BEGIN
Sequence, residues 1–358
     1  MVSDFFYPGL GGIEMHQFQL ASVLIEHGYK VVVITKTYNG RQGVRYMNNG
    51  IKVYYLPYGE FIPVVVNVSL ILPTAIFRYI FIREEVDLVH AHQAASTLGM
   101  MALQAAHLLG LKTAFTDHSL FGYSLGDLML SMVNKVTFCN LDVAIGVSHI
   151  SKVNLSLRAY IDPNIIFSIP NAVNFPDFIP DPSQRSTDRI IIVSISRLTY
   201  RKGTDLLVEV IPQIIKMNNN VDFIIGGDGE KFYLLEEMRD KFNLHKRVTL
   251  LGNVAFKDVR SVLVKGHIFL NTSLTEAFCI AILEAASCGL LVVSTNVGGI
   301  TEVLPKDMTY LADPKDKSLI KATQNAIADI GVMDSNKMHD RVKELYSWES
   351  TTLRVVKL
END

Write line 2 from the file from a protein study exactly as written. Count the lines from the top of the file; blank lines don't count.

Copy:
     1  MVSDFFYPGL GGIEMHQFQL ASVLIEHGYK VVVITKTYNG RQGVRYMNNG